Discussion in 'Current Affairs, News and Analysis' started by DeskPilot, Jun 30, 2010.
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Spotted this on the BBC site.
So what do you think of it?
So a transformer/trans whatever has the right to claim a pension at 60 and not 65 as he should of, because the human rights act says so. Yet a soldiers has no right of any protection from being misused and mistreated by the state.
Its a crazy country we live in!
Here are our human rights :
* the right to life
* freedom from torture and degrading treatment
* freedom from slavery and forced labour
* the right to liberty
* the right to a fair trial
* the right not to be punished for something that wasn't a crime when you did it
* the right to respect for private and family life
* freedom of thought, conscience and religion, and freedom to express your beliefs
* freedom of expression
* freedom of assembly and association
* the right to marry and to start a family
* the right not to be discriminated against in respect of these rights and freedoms
* the right to peaceful enjoyment of your property
* the right to an education
* the right to participate in free elections
* the right not to be subjected to the death penalty
You really think that soldiiers cando their job properly if given all of these rights?
I'll grant you that with some issues, yes the military cannot operate effectively if these things have to be taken into consideration but it's a bit galling to think that a blanket ban has been imposed on soldiers human rights when you see chavs getting away with murder, or not being punished accordingly because it violates THEIR human rights. Why shouldn't they have the at least the chance of a right to life by being afforded the luxury of decent equipment and protection?
Surely it is not Soldiers basic Human Rights that are at stake but the application of Human Rights legislation when outside the UK on operational Duty. As far as I can read rights are not waived but should not take precedence over operational duties. Back in Catterick no problem, out in badlands operation tempo/risk takes precedence.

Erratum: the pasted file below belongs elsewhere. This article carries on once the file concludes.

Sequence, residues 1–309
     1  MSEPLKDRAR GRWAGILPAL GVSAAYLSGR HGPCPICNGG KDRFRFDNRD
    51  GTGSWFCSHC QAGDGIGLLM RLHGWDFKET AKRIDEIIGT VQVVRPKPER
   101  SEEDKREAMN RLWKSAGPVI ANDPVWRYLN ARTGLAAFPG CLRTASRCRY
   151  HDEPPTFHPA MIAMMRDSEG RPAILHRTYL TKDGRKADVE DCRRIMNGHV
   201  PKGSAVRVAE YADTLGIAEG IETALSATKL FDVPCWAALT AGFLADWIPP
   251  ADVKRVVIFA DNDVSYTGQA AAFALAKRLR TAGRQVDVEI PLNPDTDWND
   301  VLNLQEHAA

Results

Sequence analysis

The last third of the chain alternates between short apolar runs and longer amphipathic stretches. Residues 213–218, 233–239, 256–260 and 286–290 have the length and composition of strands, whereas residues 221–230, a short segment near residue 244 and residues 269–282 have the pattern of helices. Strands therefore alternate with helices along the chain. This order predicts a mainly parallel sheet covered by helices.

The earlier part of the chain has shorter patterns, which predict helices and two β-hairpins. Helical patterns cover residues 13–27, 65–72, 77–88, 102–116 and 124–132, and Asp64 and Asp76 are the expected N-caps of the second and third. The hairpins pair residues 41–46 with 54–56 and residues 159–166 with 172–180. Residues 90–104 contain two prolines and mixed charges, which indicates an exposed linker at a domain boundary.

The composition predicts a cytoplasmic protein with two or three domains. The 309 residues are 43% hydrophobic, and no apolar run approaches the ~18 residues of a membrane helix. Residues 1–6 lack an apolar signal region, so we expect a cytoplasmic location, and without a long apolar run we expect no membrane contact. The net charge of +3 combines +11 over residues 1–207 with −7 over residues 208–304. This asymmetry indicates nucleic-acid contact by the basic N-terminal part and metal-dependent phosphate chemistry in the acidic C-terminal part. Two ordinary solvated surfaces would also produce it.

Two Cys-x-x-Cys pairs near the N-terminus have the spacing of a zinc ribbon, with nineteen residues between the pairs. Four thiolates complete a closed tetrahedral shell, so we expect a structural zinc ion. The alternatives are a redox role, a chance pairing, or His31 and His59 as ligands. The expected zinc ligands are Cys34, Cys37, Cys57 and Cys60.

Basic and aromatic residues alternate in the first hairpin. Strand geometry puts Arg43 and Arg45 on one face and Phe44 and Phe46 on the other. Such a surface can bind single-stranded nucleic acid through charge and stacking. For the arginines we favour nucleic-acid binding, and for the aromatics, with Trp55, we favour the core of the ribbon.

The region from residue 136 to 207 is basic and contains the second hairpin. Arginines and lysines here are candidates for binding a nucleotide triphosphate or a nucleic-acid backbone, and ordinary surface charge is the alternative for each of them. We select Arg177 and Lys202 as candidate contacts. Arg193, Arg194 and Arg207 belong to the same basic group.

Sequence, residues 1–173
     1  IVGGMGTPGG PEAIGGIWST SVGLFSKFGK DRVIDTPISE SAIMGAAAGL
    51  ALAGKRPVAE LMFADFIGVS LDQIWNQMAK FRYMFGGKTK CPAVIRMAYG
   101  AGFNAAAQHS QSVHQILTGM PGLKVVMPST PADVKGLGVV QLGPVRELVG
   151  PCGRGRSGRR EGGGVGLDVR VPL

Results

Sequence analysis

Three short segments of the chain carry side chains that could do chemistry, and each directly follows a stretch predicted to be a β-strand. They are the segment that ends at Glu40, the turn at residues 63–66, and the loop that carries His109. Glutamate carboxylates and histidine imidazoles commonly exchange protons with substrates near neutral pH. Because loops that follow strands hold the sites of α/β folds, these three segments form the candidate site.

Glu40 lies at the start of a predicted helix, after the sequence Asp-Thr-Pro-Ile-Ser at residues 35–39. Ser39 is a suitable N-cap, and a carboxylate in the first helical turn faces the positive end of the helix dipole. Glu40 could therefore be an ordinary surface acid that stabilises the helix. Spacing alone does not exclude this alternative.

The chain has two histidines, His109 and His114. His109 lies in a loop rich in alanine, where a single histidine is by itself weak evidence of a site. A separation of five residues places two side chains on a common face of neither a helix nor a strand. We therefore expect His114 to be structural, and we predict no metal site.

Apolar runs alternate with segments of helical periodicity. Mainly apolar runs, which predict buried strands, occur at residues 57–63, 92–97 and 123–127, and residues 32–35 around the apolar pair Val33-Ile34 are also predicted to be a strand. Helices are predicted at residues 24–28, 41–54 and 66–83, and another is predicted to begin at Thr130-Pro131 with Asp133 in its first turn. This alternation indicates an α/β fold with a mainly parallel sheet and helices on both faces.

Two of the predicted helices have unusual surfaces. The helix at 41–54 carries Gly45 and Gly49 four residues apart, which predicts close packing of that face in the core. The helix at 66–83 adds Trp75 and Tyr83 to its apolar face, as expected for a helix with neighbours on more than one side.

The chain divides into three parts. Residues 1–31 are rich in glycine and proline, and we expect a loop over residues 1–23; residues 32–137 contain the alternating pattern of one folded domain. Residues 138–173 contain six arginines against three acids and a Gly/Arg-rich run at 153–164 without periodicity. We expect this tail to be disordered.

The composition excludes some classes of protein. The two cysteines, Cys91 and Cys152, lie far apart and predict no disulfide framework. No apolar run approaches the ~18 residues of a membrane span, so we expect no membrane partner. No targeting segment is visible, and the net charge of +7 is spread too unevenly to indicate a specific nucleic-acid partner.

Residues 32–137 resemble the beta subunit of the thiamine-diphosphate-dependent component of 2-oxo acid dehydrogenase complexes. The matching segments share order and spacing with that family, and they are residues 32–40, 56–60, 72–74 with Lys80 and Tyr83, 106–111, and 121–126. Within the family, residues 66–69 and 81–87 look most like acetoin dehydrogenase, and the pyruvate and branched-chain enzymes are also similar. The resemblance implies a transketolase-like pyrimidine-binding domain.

I'm having trouble getting outraged, to be honest; most of the time human rights comes up here it gets nothing but abuse. IMO the best outcome would be the wholesale abolition of the Human Rights Act tomorrow, or at the least an addition of a clause stating that commission of a serious offence abrogates these rights. If soldiers need extra protection then stick another clause into the AFA or Health and Safety at Work Act or similar.
I think that you have most of those rights already. Now Health and Safety is an issue if we are losing troops to heatstroke and RTA's. You are covered by that even on operations!
I cannot see the services have the right to freedom of expression or privacy, can you? The right to freedom from degrading treatment?
Much as I support our Armed forces I cannot see the way of life we chose as fitting in with those rights others enjoy.
Just saw Jason Smith's mum's lawyer on the news, fcuking dwarfs freak me out. My own two pence is that the human rights brigade under the last two PMs have gone far too far, with the rights of the individual being put above the common good.
'The people's good is the highest law'
Whet, apart from in training when locker inspections are vital can you remember having anything more than a cursory inspection as a grown up? I certainly cant and I was a grunt who generally cant be grown up!
Oh yes - aircraft standards inspections for one.
And the odd time on ROPs
If you want full human rights don't join the British military then. Last I checked there's not been conscription for a fair while now. I'd be surprised if you could get away with publicly slagging off any company you worked for without a bollocking should a superior hear you and you'd likely be on a disciplinary if you gobbed off to a boss once again regardless of who you work for.
Basic research and observation isn't your forte, is it?
Well I'm not an expert, so I looked up what my 'human rights' actually are:
I can't see why a certain section of the workforce need to have these rights removed in certain situations, In fact to remove them would seem to me to treat those people as second class citizens.
Not really an answer, but gut feeling says I don't like this ruling.
Addmittedly, it does say:
"Anyone who is in the UK for any reason has fundamental human rights which government and public authorities are legally obliged to respect. These became law as part of the Human Rights Act 1998."
So its probably a legal technicality in that only people in the UK are protected by the human rights act and that's why the judges ruled it the way they did.
Separate names with a comma.